God’s transcendent grace, shown in the history of revelation is part of a whole in which God is revealed generally to the human mind and most specifically in the Jewish and Christian scriptures. There is a spectrum of revelation of which the biblical revelation is most specific.
I see this in special relation to the Gospel John chapter 1 in that the Word has attempted to enlighten every man and woman and we find some kindred aspects of revelation in non-Jewish and non-Christian religions. There are law codes for societies before Moses (see my chapter on Law) and other aspects of religions that are at least partly in sympathy with biblical traditions even if differing in exact detail and doctrines. While having obvious various deviations in creed and practice we sometimes do find common and related elements of faith that really are not that far apart and in which we could say there is something of the pre-incarnate Word and light for human conscience to transcend the self and all its attractions and deviations.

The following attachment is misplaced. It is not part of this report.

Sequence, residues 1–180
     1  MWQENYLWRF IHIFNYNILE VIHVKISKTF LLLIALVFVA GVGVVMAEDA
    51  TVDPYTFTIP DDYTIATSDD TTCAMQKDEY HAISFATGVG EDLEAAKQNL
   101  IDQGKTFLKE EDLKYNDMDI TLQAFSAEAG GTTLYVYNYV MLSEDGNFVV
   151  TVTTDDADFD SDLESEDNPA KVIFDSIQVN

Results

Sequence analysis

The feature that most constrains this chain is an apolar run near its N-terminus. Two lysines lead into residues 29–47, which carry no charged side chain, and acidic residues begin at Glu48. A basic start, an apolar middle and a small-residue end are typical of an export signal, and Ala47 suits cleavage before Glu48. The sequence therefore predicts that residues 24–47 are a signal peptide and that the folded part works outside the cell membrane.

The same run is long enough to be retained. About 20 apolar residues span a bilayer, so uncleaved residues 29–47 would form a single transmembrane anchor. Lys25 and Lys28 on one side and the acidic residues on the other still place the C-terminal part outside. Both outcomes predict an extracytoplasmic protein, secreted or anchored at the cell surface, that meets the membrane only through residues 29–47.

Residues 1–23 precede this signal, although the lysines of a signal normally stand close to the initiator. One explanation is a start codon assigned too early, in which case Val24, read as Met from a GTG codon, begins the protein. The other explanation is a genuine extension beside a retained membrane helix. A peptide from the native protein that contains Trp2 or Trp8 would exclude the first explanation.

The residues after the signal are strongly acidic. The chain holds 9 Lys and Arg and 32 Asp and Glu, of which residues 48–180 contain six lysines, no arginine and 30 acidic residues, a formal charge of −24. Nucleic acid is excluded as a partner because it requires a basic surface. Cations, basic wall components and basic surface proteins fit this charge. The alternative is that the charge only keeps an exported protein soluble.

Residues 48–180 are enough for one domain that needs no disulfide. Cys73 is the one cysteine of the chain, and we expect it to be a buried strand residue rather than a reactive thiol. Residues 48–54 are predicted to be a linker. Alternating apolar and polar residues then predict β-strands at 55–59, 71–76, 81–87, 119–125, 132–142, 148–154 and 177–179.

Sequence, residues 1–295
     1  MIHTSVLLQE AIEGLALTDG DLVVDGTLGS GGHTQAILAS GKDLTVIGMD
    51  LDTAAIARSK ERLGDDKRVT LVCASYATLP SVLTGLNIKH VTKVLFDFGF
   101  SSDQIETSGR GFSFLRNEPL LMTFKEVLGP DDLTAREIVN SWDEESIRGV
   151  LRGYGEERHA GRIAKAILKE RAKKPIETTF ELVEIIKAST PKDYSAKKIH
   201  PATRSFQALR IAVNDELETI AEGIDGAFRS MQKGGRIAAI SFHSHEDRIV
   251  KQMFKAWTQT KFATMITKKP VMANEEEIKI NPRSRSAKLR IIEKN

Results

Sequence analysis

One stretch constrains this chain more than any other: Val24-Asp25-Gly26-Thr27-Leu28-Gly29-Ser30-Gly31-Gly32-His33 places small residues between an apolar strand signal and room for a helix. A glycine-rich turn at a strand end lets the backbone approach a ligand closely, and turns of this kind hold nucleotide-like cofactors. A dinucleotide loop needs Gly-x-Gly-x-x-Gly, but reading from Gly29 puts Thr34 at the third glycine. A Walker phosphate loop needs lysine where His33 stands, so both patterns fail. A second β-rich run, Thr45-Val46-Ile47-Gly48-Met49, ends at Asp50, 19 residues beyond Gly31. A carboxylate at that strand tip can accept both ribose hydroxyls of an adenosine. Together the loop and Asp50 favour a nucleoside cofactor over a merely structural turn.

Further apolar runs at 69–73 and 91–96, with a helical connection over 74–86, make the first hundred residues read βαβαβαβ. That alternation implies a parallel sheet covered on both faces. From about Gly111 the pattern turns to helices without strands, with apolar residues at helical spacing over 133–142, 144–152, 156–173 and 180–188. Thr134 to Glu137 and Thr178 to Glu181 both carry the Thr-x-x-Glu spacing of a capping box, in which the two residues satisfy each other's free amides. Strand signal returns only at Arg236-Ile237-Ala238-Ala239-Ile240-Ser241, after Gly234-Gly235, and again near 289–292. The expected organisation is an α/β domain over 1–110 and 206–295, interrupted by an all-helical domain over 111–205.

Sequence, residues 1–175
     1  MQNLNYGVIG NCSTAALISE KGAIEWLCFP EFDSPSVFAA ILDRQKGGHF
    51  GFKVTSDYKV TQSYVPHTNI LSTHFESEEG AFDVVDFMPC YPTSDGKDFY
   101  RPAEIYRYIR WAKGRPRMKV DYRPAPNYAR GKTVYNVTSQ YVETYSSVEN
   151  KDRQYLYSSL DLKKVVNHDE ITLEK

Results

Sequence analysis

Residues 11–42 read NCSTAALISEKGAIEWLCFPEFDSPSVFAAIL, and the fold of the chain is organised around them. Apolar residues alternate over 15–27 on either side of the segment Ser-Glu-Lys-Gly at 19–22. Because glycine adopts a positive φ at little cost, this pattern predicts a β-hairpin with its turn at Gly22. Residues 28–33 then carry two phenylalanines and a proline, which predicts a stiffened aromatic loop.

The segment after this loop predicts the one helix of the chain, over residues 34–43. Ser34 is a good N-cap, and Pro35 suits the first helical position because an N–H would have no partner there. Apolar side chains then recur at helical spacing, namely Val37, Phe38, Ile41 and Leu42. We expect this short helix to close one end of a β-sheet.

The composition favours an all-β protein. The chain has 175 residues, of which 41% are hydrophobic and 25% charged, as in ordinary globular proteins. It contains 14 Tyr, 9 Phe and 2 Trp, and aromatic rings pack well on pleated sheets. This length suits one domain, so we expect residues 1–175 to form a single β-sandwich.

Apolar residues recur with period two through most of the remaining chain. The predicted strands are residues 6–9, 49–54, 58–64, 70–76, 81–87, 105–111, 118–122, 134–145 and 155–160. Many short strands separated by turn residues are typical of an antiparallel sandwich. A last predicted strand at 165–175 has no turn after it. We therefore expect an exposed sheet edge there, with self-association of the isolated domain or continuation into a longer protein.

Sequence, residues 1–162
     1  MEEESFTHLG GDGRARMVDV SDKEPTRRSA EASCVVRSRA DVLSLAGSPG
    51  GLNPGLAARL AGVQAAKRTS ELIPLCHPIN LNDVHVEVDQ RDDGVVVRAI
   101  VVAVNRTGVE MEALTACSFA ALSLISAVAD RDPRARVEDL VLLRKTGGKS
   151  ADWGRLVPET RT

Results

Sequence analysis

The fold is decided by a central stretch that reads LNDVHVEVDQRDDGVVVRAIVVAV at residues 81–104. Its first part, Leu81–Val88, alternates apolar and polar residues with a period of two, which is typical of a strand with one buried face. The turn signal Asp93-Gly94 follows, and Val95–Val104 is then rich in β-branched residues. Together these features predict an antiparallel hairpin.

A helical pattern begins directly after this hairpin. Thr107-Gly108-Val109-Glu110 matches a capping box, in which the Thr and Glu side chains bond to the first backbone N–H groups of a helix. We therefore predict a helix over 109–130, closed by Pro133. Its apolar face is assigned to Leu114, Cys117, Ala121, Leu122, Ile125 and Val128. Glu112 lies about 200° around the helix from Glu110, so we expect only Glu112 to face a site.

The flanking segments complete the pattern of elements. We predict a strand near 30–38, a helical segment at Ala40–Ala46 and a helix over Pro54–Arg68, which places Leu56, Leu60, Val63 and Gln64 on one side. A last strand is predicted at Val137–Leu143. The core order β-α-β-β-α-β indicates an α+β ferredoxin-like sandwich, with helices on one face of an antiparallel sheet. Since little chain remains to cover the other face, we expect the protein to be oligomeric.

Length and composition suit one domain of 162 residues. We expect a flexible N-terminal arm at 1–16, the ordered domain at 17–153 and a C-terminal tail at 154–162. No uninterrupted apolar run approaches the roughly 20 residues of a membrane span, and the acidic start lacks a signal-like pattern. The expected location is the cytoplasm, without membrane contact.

We could for instance see the non-violence in Buddhism and parts of Hinduism that are in accord with Jesus call to love enemies and avoid violent retaliation. Or we can see the great analytical critique of human actions in relation to suffering that are also a strong component within Buddhism, but still is also evident revelation of the effects of our actions quite in accord with the words of Jesus. Is that not also complementary to the revelations of the sinfulness of humanity that is on view in the bible? What are these if not some other revelations of love and the love we ought to have for others and created things?